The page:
It can be a slow transition or it can happen overnight. One day you’re out on the trail in shorts and the next, well, it’s winter. Case in point– a few days ago we were riding mountain bikes in summer conditions on the White Rim(pics to come) and 24 hours later, Independence Pass is closed for the season ahead of schedule and I’m scrambling to find the scraper for the truck. A huge storm hit the state yesterday and officially stamped the end of fall and the beginning of winter. It’s time to embrace it.
First things first. Even though the mountain isn’t scheduled to open for a month I always love getting my ski pass so I headed to the ticket office and confirmed what I had heard. Paper tickets are a thing of the past and all passes now operate off a radio frequency (RF) chip, allowing them to be scanned from anywhere on your person as you walk through the gate. Gone are the days of needing to wear it on the outside or around your neck in order to be checked every time through. The big plus is that because I can keep it in my wallet, the chronic absent mindedness of forgetting my pass in a different jacket, backpack or pair of pants in a locker room at a different mountain might be effectively cured.
The potential downside? Well for one, the small, pixelated and monochromatic head shot is less conducive to the funny facial expressions some friends so proudly wear on their sleeves all season. And if somewhere down the road this diminished photo is eliminated all together, the days of wearing your old passes around your neck to some 80’s vintage/Pray For Snow party might be forever changed. Showing off former coifs (or just the presence of hair at all), pink day-glo jackets, Vuarnet sunglasses with the leather wind protectors or how youthful you looked in your early days, before spending every day out in the sun– could be a thing of the past. I’m sure that’s fine with some.
Next, the summer stuff on the deck gets stowed away until spring, closets get changed out and gear along with it. A pair of skis that delaminated late in spring were brought in to be warrantied and a second new pair were bought (they seemed like a good deal). I discovered a void– or put another way– created a new sub category in my ski gear quiver that needs filling so I tried on some new alpine touring boots which I’ll buy as soon as I can justify needing them, which in my head I’ve already done. Christy has been deciding on her new stuff as well and we should all be excited to know that she has already put together her new winter 09/10 ensemble, with the official release date still TBA. We’ll all just have to keep holding our breath. 😉 The mags with their gear reviews and the catalogs with the closeout specials were ahead of the game as always and have been arriving for several months now, and we were turned on to Gearscan.com as a central place to check on all the fire sales. Take a look.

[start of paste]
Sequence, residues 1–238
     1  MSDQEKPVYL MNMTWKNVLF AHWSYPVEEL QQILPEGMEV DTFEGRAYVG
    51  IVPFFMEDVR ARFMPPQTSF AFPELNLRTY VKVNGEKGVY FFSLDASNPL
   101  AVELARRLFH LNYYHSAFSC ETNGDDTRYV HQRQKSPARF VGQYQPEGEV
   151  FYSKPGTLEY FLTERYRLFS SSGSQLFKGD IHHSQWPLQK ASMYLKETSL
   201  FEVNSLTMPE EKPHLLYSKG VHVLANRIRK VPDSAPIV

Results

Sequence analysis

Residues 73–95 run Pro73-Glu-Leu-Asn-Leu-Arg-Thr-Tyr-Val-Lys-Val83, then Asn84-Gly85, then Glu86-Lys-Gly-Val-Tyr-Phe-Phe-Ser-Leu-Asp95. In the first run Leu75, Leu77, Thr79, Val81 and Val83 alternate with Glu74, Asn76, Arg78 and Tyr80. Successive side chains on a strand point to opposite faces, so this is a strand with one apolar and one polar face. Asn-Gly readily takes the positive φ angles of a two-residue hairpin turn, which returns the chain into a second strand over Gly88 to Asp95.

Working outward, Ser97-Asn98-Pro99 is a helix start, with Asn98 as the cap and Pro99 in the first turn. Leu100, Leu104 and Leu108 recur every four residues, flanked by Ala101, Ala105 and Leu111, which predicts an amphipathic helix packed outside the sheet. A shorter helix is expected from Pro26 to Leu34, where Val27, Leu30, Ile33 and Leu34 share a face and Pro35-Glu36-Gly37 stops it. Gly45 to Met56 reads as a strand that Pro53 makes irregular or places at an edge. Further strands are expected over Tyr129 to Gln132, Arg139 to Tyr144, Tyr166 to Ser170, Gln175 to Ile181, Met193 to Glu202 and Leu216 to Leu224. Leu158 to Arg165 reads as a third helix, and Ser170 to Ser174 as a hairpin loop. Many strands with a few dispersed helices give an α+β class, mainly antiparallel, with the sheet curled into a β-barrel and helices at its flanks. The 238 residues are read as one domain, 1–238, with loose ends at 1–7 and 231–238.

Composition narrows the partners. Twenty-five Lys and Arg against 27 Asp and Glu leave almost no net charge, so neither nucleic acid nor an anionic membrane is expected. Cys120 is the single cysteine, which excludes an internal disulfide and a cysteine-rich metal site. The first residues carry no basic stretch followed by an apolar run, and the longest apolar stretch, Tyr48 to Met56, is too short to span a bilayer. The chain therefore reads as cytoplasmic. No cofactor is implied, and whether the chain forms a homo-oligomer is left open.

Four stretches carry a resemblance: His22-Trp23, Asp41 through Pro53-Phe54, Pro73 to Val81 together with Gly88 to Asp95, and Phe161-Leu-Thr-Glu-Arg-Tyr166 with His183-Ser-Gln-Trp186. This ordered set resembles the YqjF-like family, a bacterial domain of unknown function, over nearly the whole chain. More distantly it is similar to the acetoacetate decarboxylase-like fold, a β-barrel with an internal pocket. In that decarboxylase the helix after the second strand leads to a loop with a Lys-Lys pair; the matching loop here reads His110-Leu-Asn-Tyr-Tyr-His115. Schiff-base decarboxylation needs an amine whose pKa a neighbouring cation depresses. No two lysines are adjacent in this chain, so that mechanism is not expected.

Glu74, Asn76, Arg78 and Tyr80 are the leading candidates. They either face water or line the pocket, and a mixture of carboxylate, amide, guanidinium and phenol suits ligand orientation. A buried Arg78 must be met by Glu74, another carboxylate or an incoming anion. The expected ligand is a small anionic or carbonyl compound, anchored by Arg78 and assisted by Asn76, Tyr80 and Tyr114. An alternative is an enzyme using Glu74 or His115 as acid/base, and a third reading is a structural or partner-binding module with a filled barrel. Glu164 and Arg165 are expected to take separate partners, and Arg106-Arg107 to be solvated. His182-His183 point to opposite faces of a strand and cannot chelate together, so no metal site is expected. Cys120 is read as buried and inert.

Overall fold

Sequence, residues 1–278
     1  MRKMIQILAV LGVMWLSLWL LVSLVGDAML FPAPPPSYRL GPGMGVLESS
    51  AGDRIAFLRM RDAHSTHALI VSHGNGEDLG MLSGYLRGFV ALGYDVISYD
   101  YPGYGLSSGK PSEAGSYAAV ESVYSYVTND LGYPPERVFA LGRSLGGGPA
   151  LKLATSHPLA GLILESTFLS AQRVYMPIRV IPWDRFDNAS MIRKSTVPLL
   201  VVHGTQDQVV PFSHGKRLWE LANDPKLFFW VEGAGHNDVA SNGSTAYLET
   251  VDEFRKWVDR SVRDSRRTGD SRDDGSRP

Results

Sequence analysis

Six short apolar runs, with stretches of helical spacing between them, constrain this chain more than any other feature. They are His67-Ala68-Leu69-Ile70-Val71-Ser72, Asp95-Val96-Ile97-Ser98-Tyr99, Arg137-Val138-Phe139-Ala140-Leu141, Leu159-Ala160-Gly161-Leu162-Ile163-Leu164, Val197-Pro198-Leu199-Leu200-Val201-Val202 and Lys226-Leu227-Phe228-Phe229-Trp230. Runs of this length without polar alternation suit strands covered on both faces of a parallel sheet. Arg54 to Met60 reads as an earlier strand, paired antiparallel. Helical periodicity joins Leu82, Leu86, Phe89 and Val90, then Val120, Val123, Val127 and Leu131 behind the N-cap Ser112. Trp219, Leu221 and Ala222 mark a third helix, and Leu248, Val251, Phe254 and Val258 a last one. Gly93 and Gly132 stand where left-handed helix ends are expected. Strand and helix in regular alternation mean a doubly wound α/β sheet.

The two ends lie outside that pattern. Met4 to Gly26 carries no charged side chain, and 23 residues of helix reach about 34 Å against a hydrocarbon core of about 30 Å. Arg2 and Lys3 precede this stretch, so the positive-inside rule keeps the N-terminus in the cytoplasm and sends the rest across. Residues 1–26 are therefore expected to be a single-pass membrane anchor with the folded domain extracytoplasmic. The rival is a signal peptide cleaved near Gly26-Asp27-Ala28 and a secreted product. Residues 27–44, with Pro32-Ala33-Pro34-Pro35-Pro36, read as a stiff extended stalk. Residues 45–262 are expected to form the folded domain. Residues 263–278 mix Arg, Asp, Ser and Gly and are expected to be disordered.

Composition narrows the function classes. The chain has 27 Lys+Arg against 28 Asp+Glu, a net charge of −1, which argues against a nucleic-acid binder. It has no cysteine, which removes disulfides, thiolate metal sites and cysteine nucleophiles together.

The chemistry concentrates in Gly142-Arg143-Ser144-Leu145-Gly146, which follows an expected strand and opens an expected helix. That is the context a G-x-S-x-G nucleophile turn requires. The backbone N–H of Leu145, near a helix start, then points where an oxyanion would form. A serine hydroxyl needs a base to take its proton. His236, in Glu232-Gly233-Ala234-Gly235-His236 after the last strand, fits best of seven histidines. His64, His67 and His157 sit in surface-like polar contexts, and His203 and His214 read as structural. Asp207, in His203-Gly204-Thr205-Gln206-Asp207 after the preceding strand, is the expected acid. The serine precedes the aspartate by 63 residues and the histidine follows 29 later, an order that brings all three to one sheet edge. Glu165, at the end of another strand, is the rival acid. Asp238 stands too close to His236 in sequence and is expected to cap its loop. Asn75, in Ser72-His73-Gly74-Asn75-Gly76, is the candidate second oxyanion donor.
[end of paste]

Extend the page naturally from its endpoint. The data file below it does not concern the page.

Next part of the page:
It always seemed that most years Halloween and measurable snowfall in Aspen go hand in hand. With this current storm hanging around through Friday that should prove to be the case this year too, but to ‘one-up’ it, the snowmaking guns were heard cranking out the fake stuff on Little Nell last night, the cold temps allowing the switch to be flipped to ON earlier than usual. Even though the best memories of skiing here have never been marked by the snowmaking schedule it does help the early days and the World Cup events that will be here over Thanksgiving. Of course it could be a good omen for the perennially speculated early opening. Anyone hear anything yet?
And one more signal telling me we’ve turned that corner came in the realization that my subconcious recently began instructing me to have the Weather Channel on in the background at home and to check the Local on the 8’s forecast ten or more times a day. After going for months in the summer without caring, it’s always a tell-tale sign of winter’s arrival when I unknowingly begin doing this. It just happens. And on that note be sure to check out, bookmark or subscribe to Joel’s new Colorado Powder Forecast page, an improvement on his formerly emailed weekly predictions/ instructions he started last season. His unique weather and storm forecasts don’t villainize the bad weather like typical meteorologists and helps to answer the truly important weather questions of when and where the skiing’s going to be best.
Next up, putting the studs and the ski tube on the town bike, which might have to wait for a warmer day. It’s cold out!